Through the wisdom and teachings of her mother and father, Luseane “Luse” Tafisi aspired to become an elementary school teacher because of her passion to help children and serve others. She was taught sacrifice, resiliency, cultural identity, hard work, passion, service, and strength to move forward in her education and career.
In high school she participated in sports, and the inspiration of her coaches reinforced her desire to become an educator. Her confidence also grew through giving drugfree awareness presentations to elementary students.
Luse’s cultural identity and family support were an integral foundation in shaping who she is today. Luse is Tongan, born and raised in Salt Lake City with a close-knit family. Her grandfather taught her to remember her roots and where she came from.
After receiving her college degree and completing her student teaching, she jumped into her first job as a kindergarten teacher after Thanksgiving break. Her first day of teaching would leave a lasting impression — primarily because it ended with a kid nearly losing his tooth — a memory she still recalls vividly.
Excited for that first day, she spent the holiday weekend preparing lessons and decorating the bare walls left over from the substitute teacher. After a successful morning class, she welcomed the afternoon session — including an eager boy that she encouraged to sit down and write his name on a nametag. When she turned away for a brief moment, the little boy fell off his chair and nearly bit through his tongue. Luse ended up having to call his dad to pick him up.
While that was not the type of first day of teaching she anticipated, the incident did not discourage her from being a teacher. Currently, she teaches first grade at Pacific Heritage Academy (PHA) in Salt Lake City. She begins each day with a technique used by PHA teachers, where she calls out to her students using the Swahili word, “Ago (AH-goh)!” The students answer back with “Ame (AH-may)!” An observer can see the passion she has for helping her students succeed through differentiated and specialized instruction. She balances family time and work, and Luse and her husband are involved parents to their five children. As passed on from her parents, she teaches her children the importance of education, cultural identity, and perseverance.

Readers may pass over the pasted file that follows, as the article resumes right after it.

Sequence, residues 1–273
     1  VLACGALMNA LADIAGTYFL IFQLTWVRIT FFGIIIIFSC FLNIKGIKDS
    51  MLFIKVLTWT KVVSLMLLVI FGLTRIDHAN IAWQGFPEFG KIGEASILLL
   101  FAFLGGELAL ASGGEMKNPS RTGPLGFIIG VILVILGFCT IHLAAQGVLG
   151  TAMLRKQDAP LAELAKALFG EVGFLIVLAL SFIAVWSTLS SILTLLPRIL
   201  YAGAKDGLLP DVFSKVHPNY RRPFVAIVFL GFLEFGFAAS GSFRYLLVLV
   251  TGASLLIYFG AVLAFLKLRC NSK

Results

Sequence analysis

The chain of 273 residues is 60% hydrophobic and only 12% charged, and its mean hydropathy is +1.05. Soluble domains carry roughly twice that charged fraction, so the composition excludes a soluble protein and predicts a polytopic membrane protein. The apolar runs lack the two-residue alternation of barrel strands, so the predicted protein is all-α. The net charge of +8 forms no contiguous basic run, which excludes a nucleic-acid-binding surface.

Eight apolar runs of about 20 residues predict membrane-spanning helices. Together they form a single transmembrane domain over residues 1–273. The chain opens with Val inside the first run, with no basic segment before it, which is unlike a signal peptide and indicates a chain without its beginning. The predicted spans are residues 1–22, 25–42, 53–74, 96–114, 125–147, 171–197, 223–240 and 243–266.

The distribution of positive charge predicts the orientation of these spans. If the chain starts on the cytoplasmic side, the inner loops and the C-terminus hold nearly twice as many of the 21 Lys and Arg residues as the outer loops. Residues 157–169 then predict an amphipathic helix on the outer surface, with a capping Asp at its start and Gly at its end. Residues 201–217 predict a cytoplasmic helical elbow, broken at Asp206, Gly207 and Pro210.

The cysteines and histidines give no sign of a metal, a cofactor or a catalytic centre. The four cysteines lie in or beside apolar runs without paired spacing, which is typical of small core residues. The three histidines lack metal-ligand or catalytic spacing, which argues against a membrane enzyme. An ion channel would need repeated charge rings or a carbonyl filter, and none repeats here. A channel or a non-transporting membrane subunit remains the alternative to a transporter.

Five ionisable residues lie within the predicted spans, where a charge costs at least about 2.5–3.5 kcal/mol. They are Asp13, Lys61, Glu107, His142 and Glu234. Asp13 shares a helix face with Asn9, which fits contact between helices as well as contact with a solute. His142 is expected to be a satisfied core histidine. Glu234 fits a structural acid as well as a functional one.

Her two sons were recently awarded scholarships to travel with an elite lacrosse team. Her two daughters dance with Tehamata, a Tahitian dance group which also teaches Samoan and Hawaiian dances. Luse spends every evening reading to her youngest son to develop his early literacy skills. Luse draws her motivation from her continuous desire to learn and strong family support. Because of her dedication to teaching, she was named a Fund for Teachers Fellow and will travel to New Zealand with a colleague to research sources of support for Pacific Islander students and their families. Scratching only the surface of her profession, she looks forward to a future full of opportunities. Her next goal in furthering her education is to obtain graduate degrees in Special Education and Educational Leadership. For now, she enjoys inspiring her first grade class to become strong readers and excel academically.
– By Rozanna Benally-Sagg